Midweek mini-roundup

Go meatless to save the planet! Greens prepare to drive Labor into extreme climate policies regardless of the cost. The carbon tax issue carries Alberta for the conservatives.

Hey, maybe good policy could get votes?

Alberta returned to its conservative roots, electing United Conservative Party Leader Jason Kenney premier after he vowed to fight harder for the province’s beleaguered energy industry. Kenney has vowed to get stalled pipelines built, scrap the province’s carbon tax, and create a “war room” to hit back at anti-oil-sands campaigners. He also pledged to cut corporate taxes and balance the province’s books in his first term. –Bloomberg, 17 April 2019

Kenney plans to create a $30 million “war room” to hit back at anti-energy campaigners and investigate their sources of funding. He’s also threatening to have Alberta cease doing business with banks that boycott energy projects, cut oil shipments to provinces that fight pipeline development and press Trudeau to kill Bill C-69, which overhauls the approval process for pipelines. “You have a conservative bloc of premiers stretching from Alberta to Quebec uninterrupted,” said Yaroslav Baran. “The near-consensus the prime minister had on his carbon framework is — it’s safe to say — now in tatters.” –Bloomberg, 17 April 2019

And who really killed the walruses?

Rite-On calls for helpers in 16 electorates. Nine Coalition seats seven Labor seats with razor-thin margins.

Register here.

Dan Mitchell on the village experiment in China that eventually transformed the nation.

But desperate [the Great Famine] times were the motivation for desperate measures.
…a farmer named Yan Hongchang summoned the heads of the village’s desperate families to a clandestine meeting. On paper torn from a child’s school workbook, the farmers wrote a 79-word pledge to divide the commune’s land into family plots, submit the required quota of corn to the state, and keep the rest for themselves.
And what happened?
…farmers…reported a grain yield of 66 metric tons. This single harvest equaled the village’s total output between 1955 and 1970—but for once the figure was not exaggerated. In fact, villagers underreported their actual yield by a third, fearing officials would not believe their record haul.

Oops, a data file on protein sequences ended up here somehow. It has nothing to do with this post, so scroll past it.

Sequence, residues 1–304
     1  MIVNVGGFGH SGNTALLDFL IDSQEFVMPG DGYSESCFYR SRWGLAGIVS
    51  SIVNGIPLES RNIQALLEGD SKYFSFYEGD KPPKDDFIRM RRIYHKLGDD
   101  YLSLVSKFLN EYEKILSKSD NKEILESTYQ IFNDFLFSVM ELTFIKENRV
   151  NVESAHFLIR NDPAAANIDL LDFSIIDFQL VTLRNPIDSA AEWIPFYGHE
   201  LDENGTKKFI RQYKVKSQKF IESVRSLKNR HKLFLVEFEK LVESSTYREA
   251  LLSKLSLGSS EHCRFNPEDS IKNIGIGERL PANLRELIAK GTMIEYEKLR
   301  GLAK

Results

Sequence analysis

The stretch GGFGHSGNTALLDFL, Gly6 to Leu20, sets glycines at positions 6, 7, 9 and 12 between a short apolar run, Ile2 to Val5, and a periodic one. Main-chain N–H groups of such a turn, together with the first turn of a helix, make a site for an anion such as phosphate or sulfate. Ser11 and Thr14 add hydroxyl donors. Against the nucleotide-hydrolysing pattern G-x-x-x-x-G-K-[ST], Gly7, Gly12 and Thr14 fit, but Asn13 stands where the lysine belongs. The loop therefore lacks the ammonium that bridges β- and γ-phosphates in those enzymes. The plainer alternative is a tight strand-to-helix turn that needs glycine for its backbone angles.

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5 Responses to Midweek mini-roundup

  1. stackja says:

    But desperate [the Great Famine] times were the motivation for desperate measures.

    Communists and famines!

  2. Tim Neilson says:

    Communists and famines!

    Of all the astoundingly unlucky coincidences, hey?

  3. BoyfromTottenham says:

    “Greens prepare to drive Labor into extreme climate policies regardless of the cost.”
    “Never interrupt the enemy when they are making a mistake.” Napoleon Bonaparte.

  4. Destroyer D69 says:

    This is where it started in Alberta. Shows what will happen when promises are carried out. Australia take note…….. Posted on 5:22 pm, June 15, 2018 by Rafe Champion

    Creativity and sex have long been linked, as has art with the contravention of bourgeois values. Long may it be so. By the way, what is wrong with bourgeois values?

    On a main topic, apparently James Allen has a super post in The Spectator this week. Mine has not arrived but it looks as though the whole thing is posted on Facebook The Australian Climate Skeptics Group. The word has been around for a few days that the left liberals in Ontario Canada were recently wiped out by the Conservatives. This is the winning platform.

    1/ Repeal the existing climate change policy that instituted a cap-and-trade system as well as opposing a minimum price on carbon emissions and any sort of carbon tax.

    2/ Repeal the existing Green Energy Act.

    3/ Scrap a planned hike of the minimum wage.

    4/ Cut corporate taxes by almost 20 per cent as well as cutting middle-class income taxes by precisely 20 per cent for those earning between $42,960 and $85,923 per annum.

    5/ Cut petrol taxes at the pump by 10 cents a litre by ending the 4.3 cent a litre carbon tax.

    6/ Scrap an existing ideological sex education curriculum and replace it with one after real consultation with parents.

    7/ Get rid of the new age methods of teaching maths and bring back old-fashioned, proven methods of teaching.

    8/ Change the laws and taxes so that beer can be sold at pre-2008 prices.

    Obviously it was the beer tax that did it, a record turnout despite non-compulsory voting.

    And this left-wing Liberal Party that espoused every fashionable global warming cliché going and which had closed gas-fired electricity plants and driven power prices through the roof was slaughtered. There is no other word for it. In the post election legislature (now increased from 103 to 124 spots) it won 7 seats. Yes, 7 – the fourth prime number. That’s 7 out of 124, a total so low that the Liberals lost official party status. Indeed, it was the worst wipeout result in Ontario electoral history.

    Meanwhile the Conservatives or Tories made all of the pledges I listed above, all of them, and won 76 of the 124 seats on offer – a massive majority. Of the remainder, a hard-left union party won 40 (becoming the official opposition) and the Greens took the final seat. Oh, and in this jurisdiction of non-compulsory voting it was the biggest voter turnout in 20 years. I suppose one thing you could say is that the Tories in Ontario were lucky not to be taking advice from Mark Textor and actually opted to put a Grand Canyon-sized gap between their policies and those of the lefties.


  5. Percy Popinjay says:

    who really killed the walruses?

    – Drones
    – David Rabbitburough and film crew
    – Poley Bears

    Take your pick.

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